Despite the strengths of this research, there are several limitations. First, this sample is from only 70 institutions, it may not generalize to the general U.S. college population. Moreover, these data are for persons enrolled in college (i.e., both graduate and undergraduate) and may not generalize to persons not enrolled in college, as previous studies have found differences in health behaviors based on college-attending status (Blanco et al., 2008; Wu et al., 2007). Second, the data only had self-identified LGBQ status, which is an umbrella acronym that is constantly in flux and varies by age cohort, culture, and identity development (Morales, 1990; Saewyc et al., 2004; Savin-Williams and Diamond, 2000). Consequently, persons who do not self-identify, use different labels, or none at all, may not be represented. Third, participants were only asked for their current religious affiliation, not about the religious affiliation they were raised with or the strength of their religiosity. Therefore, it is unclear whether the religious affiliation of these individuals has evolved; especially since some LGBQ individuals may negotiate intersecting identities by affiliating with an affirming religious organization (Buchanan et al., 2001; Lease et al., 2005; Sheey et al., 2010). Fourth, due to small sample size among attempters in this study, we focused on passive and active suicidal ideation as outcomes; results with attempted suicide may produce different results. Fifth, due to the small, sample sizes, the results should be interpreted with caution. Finally, as a cross-sectional dataset, no causal mechanisms for elevated suicidal prevalence could be examined.

In conclusion, our findings suggest that both racial/ethnic identity and religious affiliation may indicate differential prevalence of active and passive suicidal ideation among LGBQ individuals. As previously mentioned, the results of this study have implications for practice, research, and training. Specifically, this study demonstrates that it may be helpful to consider both passive and active suicidal ideation, especially among individuals from diverse backgrounds. Therefore, medical providers as well as mental health professionals should inquire about death ideation while assessing for suicide risk. Further, additional research focusing on the cultural factors associated with the increased prevalence of suicide among LGBQ populations is needed to inform policy and practice.

Acknowledgments

The project described in this publication was supported partially by postdoctoral fellowships to Megan C. Lytle and John Blosnich in an Institutional National Research Service Awards from the National Institute of Mental Health (5T32MH020061). Dr. Lytle has also received support from the University of Rochester CTSA award number KL2TR000095 from the National Center for Advancing Translational Sciences of the National Institutes of Health.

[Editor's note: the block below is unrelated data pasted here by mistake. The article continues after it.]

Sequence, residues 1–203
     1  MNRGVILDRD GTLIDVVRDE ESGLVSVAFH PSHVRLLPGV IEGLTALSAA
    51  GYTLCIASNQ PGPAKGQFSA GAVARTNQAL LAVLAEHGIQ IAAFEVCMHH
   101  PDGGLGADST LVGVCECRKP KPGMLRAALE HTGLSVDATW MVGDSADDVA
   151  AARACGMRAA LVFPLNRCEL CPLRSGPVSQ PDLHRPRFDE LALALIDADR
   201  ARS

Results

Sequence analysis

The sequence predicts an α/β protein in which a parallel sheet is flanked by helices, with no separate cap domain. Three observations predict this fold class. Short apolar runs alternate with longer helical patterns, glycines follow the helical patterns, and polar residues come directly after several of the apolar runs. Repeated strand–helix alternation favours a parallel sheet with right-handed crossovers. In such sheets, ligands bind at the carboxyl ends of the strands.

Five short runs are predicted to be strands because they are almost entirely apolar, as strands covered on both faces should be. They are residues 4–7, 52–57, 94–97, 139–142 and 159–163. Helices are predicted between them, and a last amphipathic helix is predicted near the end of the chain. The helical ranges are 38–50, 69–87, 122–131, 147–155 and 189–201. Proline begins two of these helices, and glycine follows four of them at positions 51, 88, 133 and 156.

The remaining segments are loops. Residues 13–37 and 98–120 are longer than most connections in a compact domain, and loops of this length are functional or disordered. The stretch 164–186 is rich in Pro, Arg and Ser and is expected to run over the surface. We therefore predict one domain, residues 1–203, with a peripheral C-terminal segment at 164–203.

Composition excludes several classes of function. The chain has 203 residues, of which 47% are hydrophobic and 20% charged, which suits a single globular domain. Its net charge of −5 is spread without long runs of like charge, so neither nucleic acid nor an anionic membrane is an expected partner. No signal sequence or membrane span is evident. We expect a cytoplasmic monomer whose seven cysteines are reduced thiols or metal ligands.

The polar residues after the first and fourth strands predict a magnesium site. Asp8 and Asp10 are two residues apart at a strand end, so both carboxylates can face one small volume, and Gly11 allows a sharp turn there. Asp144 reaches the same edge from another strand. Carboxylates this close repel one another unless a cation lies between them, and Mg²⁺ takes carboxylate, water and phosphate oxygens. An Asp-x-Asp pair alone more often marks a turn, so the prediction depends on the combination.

Role of Funding

The funding sources included in the Acknowledgments had no involvement in study design, collection, analysis and interpretation of the data; writing of the report; and in the decision to submit the paper for publication.

The opinions expressed in this work are those of the authors and do not necessarily represent those of the funders, institutions, the Department of Veterans Affairs, or the U.S. Government.

Footnotes

Contributors

Megan C. Lytle was responsible for drafting the manuscript, analyzing the results, and interpreting the data. Susan M. De Luca, John R. Blosnich, and Chris Brownson contributed with writing and revising the manuscript. I will be serving as the corresponding author for this manuscript. All of the authors noted on the byline have agreed to the byline order and to submission of the manuscript in this form. I have assumed responsibility for keeping my coauthors informed of our progress through the editorial review process, the content of the reviews, and any revision made.

Conflict of Interests

The author(s) declared no potential conflicts of interest with respect to the research, authorship, and/or publication of this article.

Publisher's Disclaimer: This is a PDF file of an unedited manuscript that has been accepted for publication. As a service to our customers we are providing this early version of the manuscript. The manuscript will undergo copyediting, typesetting, and review of the resulting proof before it is published in its final citable form. Please note that during the production process errors may be discovered which could affect the content, and all legal disclaimers that apply to the journal pertain.

Contributor Information

Megan C. Lytle, University of Rochester Medical Center, Department of Psychiatry, Rochester, NY.

Susan M. De Luca, School of Social Work, University of Texas at Austin, The University of Texas at Austin, Austin, TX.

John R. Blosnich, Center for Health Equity Research and Promotion, VA Pittsburgh Healthcare System, Pittsburgh, PA.

Christopher Brownson, Counseling and Mental Health Center, The University of Texas at Austin, Austin, TX.